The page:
The Stars' Tennis Balls (Unabridged)
by Stephen Fry
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For Ned, 1980 seems a blissful year. Handsome, charming, popular and talented, his life is progressing smoothly, effortlessly, happily. And when he meets the lovely Portia Fendeman his personal jigsaw appears complete. But timing is everything in life, and his life is about to change for ever. Things are going to get very bad indeed for innocent young Ned. A promise made to a dying teacher and a spiteful trick played by fellow pupils will rocket Ned from cricket captain to solitary confinement, from head boy to hell. When Ned emerges he is a man bent on just one thing - revenge; and revenge is a dish he plans to savour and serve to those who conspired against him. Part love story, part thriller, a gloriously rich mix that only Stephen Fry can dish up to us, The Stars' Tennis Balls will leave you happy and replete.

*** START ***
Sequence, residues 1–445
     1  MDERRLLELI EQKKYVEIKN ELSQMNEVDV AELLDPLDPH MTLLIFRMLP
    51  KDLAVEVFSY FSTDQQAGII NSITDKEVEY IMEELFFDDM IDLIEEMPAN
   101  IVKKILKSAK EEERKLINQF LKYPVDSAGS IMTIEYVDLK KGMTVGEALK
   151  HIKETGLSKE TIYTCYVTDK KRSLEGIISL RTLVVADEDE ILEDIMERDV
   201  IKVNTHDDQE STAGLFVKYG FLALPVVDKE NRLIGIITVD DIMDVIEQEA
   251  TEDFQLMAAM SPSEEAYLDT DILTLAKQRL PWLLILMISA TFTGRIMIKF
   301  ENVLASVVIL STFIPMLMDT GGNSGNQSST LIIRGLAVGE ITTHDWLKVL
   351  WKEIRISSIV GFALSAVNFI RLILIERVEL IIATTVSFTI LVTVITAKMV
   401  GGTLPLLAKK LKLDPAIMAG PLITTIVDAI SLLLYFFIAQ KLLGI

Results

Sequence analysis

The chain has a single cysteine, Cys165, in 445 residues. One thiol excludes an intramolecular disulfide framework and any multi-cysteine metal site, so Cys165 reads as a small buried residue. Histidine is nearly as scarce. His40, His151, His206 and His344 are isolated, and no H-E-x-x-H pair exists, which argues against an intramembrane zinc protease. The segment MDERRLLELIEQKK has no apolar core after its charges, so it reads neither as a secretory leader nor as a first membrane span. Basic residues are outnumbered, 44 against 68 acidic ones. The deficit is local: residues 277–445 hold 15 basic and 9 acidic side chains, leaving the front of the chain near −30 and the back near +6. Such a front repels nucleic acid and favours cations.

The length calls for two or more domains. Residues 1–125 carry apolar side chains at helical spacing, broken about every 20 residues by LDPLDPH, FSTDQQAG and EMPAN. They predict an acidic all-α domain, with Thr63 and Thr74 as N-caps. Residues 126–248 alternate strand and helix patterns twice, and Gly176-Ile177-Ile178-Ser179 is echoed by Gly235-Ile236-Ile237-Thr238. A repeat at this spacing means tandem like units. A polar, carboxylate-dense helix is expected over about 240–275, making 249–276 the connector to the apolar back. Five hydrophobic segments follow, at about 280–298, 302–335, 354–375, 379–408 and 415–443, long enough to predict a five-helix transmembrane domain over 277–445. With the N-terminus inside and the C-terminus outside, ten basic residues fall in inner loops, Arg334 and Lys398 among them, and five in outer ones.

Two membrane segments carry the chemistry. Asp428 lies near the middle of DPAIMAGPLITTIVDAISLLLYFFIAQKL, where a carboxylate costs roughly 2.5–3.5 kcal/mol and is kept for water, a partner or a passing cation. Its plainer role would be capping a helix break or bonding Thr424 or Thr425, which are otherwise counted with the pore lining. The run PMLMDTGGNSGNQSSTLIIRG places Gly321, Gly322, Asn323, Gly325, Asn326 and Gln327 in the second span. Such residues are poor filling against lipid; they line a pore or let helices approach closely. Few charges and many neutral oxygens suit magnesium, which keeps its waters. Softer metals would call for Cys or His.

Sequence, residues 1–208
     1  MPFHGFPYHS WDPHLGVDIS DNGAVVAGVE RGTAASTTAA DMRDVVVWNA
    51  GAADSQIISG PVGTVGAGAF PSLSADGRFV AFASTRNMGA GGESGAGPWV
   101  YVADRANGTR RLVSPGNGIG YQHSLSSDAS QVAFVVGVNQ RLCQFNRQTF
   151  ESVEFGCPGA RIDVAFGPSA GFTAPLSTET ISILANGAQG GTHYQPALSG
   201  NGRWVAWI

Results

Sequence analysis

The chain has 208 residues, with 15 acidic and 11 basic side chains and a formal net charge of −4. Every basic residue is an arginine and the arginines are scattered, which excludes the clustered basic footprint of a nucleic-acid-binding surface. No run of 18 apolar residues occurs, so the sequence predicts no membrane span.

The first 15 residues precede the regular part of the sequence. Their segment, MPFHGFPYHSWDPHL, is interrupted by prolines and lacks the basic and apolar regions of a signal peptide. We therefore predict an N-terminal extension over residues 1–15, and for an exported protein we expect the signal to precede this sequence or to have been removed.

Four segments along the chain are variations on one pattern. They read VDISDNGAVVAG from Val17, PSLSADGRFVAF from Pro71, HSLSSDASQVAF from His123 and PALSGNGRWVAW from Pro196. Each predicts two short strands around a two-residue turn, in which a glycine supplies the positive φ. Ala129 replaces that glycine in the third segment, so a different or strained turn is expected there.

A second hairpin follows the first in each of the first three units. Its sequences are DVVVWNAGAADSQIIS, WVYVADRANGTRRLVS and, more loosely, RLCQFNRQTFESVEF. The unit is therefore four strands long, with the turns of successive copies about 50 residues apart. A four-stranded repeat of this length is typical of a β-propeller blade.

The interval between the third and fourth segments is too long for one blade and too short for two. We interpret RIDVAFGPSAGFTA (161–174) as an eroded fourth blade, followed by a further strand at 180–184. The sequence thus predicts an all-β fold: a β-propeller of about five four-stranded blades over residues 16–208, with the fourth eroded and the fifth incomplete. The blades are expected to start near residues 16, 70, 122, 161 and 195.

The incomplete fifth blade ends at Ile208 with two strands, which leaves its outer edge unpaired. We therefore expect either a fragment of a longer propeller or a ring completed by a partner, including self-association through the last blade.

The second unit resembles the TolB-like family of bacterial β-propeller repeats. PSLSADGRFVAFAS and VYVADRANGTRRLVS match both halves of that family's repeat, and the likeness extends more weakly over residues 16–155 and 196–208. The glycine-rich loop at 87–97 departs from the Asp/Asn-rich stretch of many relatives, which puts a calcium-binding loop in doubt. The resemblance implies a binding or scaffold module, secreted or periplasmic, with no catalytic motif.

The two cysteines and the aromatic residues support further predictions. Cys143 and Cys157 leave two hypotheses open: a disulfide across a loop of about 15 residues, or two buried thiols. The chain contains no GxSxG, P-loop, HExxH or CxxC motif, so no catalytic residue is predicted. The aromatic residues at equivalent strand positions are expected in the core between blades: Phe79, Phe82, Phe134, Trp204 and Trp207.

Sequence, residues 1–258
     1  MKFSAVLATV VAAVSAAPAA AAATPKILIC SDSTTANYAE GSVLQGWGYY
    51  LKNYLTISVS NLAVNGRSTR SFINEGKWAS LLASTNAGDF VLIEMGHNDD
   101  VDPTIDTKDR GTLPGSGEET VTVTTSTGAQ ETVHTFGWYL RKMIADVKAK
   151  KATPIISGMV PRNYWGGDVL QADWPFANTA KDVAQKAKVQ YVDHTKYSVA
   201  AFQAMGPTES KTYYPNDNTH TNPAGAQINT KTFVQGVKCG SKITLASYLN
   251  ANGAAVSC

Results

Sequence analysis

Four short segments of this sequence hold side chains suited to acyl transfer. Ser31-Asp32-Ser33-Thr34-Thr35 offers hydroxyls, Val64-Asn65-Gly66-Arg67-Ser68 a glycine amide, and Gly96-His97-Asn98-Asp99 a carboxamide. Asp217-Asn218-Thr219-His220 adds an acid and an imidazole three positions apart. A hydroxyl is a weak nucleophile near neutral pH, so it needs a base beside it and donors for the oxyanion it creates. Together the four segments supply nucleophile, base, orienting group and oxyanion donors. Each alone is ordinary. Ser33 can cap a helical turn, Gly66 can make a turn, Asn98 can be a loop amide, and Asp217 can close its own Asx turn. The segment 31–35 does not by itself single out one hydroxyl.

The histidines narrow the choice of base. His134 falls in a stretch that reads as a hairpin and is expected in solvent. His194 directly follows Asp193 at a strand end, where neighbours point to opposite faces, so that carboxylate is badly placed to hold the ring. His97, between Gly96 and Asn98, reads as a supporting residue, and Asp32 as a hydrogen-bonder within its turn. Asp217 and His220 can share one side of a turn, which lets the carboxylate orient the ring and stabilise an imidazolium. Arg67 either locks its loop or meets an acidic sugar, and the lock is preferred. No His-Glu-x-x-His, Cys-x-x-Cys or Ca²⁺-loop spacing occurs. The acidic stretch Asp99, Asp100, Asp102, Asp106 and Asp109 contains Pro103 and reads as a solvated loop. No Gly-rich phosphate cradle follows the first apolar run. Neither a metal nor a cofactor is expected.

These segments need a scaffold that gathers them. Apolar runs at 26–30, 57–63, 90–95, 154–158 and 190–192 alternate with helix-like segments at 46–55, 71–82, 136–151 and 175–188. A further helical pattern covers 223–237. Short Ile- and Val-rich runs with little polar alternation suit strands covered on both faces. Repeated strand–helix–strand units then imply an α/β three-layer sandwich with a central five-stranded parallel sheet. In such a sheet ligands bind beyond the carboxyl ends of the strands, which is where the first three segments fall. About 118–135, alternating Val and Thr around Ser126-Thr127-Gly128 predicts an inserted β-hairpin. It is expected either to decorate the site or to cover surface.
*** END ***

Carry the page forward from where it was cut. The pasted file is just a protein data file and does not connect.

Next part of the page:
A Dish Best Served Cold
A storming tale of revenge as popular and naive schoolboy, Ned (an interesting study in entitlement and grandiosity, therapy fans) is manipulated by so-called friends and finds himself imprisoned in a mental institution. It is widely recognised, not least by Stephen Fry himself as a reworking of Dumas's The Count of Monte Cristo, but if you're going to immitate why not immitate a classic?
Fry's writing scythes through comedy to the dark stuff in a graphic manner not seen in any of his earlier novels. The book oozes Fry-ness. And that's a marvellous thing. Look, you've been working hard, you deserve a treat - and what better present than a super contemporary novel, read by the rather super author.
Now how about Making History??
Audiobook + Stephen Fry = Brilliant. Nuff said.
A true delight....
Loved everything about it, have worked my way through Fry's audiobooks now and have just finished this one. I just wish he had more! Come on Fry, Get writing!
I almost wish he were able to narrate all books! He seems to be the only person I am able to listen to and find myself not being able to stop.